Harry and Abbie (John Heard and Lindsay Crouse) continue their fiery on/off relationship, struggling to communicate their feelings as they coincide professionally at the Mainline. Alongside these stories are subplots including a performance artist wrecking the office, a broke journalist trying to get paid more for doing no work, and the editor fighting with a manager over advertising space. As this mosaic-like narrative plays out, the viewer feels like Silver’s ensemble is truly a complex group with a long history. 

Because of that history, when it is confirmed that the characters will be parting ways, the audience feels pretty much the same about it as they do. The film’s conclusion strikes a nostalgic note for a time the audience was never shown. For various reasons, the characters realize they will not be seeing each other anymore. They shared their scrappy, artistic heyday, but that’s all over now. They will probably all go on to find peace in their lives – they’re all talented – but it’s the end for that particular group. Things will never be quite the same. 

It is a sorrow that everyone in the audience will have felt at some point in their life – school ending, leaving a job, a friend group parting ways – and yet it is rarely represented on screen in a real way. Movie goodbyes tend to be melodramatic affairs, with a hyperbolic soundtrack telling us that we should be sad that our tearful leads are parting ways. To be fair, this often succeeds in pulling at heartstrings. But what these films don’t do, is tap into the same kind of bittersweetness that Between the Lines achieves.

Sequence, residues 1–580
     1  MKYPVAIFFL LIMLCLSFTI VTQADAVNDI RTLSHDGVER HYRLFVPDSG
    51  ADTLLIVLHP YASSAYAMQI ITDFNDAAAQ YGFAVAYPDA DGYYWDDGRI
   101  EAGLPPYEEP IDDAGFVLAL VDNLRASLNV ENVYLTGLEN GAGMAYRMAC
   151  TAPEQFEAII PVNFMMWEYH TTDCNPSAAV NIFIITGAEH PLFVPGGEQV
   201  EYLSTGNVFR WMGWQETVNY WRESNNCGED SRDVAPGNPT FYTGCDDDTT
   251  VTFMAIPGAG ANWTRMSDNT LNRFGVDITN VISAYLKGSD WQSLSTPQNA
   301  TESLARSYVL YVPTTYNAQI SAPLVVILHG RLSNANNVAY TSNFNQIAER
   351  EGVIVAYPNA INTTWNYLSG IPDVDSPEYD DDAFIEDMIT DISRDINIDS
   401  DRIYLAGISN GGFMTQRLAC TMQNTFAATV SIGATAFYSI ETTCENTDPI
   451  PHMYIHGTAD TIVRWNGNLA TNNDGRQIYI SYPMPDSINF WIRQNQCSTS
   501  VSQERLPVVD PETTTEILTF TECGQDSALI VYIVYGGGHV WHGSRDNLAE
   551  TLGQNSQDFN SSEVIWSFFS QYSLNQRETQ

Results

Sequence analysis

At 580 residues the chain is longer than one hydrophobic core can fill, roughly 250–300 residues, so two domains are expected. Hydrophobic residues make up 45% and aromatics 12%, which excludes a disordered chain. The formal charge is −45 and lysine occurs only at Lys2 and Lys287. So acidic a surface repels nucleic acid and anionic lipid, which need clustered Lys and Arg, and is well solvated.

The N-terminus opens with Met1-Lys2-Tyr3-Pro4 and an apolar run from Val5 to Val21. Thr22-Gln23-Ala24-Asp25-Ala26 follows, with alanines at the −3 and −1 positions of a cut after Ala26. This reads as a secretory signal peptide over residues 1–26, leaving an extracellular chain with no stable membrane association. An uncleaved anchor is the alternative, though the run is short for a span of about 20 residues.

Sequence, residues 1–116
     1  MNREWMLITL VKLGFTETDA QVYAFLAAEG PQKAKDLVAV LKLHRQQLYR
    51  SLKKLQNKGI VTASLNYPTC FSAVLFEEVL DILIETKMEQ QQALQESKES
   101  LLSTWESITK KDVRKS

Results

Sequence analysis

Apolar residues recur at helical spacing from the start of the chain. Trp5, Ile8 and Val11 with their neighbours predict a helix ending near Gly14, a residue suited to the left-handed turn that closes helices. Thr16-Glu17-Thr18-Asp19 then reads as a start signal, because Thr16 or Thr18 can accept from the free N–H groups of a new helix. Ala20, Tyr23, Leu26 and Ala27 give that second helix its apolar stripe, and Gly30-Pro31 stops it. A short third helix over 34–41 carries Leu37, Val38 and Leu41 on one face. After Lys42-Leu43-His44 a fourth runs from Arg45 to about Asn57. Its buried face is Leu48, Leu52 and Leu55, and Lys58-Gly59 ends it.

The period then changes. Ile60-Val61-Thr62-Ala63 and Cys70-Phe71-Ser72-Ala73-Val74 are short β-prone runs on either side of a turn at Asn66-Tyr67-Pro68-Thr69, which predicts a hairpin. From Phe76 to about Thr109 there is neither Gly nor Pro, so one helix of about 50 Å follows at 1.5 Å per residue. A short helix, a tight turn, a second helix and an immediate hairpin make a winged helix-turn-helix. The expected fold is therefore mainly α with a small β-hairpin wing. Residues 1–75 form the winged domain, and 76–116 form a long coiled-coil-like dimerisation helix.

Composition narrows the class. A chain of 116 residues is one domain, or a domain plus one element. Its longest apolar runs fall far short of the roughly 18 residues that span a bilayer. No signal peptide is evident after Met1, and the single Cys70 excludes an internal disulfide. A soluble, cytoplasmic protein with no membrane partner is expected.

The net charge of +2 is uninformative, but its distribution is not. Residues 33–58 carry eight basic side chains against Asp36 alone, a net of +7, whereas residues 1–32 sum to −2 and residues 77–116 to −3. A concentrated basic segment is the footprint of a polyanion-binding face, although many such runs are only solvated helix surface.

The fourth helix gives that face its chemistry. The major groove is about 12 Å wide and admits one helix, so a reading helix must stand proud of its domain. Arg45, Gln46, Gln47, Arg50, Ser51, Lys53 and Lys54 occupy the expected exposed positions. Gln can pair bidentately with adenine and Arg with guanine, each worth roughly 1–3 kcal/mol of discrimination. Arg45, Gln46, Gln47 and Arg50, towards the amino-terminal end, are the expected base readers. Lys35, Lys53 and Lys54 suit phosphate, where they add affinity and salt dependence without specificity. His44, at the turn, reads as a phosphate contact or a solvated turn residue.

From the standpoint of its 1977 release date, Silver’s film can be viewed as a post-mortem of the New Hollywood period itself. By the mid-to-late Seventies, films like Jaws (Spielberg, 1975), Rocky (Avildsen, 1976), and Star Wars (Lucas, 1977) had ushered in the new blockbuster era. Much closer to the sensibilities of Hollywood’s golden age, these films were massive hits at the box office, featuring feel-good stories of underdogs defying the odds in the face of adversity. That is not to say that the aforementioned films were less artistically ambitious or meaningful than the typical New Hollywood release. They all represent great achievements in Hollywood filmmaking, but they do operate on a much grander scale than films that had been championed throughout the decade.

The monumental success of this type of film marked the decline of the smaller, character-focused and socially conscious storytelling that had been prevalent during this time period. As successful as they were during New Hollywood, from 1977 onwards it would be tough to imagine studios producing films like The Graduate (Nichols, 1967), Five Easy Pieces (Rafelson, 1970), McCabe & Mrs. Miller (Altman, 1971), or Fat City (Huston, 1972). 

Between the Lines’ exploration of evolving professional environments can be extended to the film’s industrial context. Changes to the way that studios operate meant that New Hollywood directors, writers, and actors, must have felt the same as the characters in this film. Under pressure to either adapt or be left behind, artists like Joan Micklin Silver were themselves reconciling with the idea that all things must pass.

Between the Lines is streaming on Mubi U.S.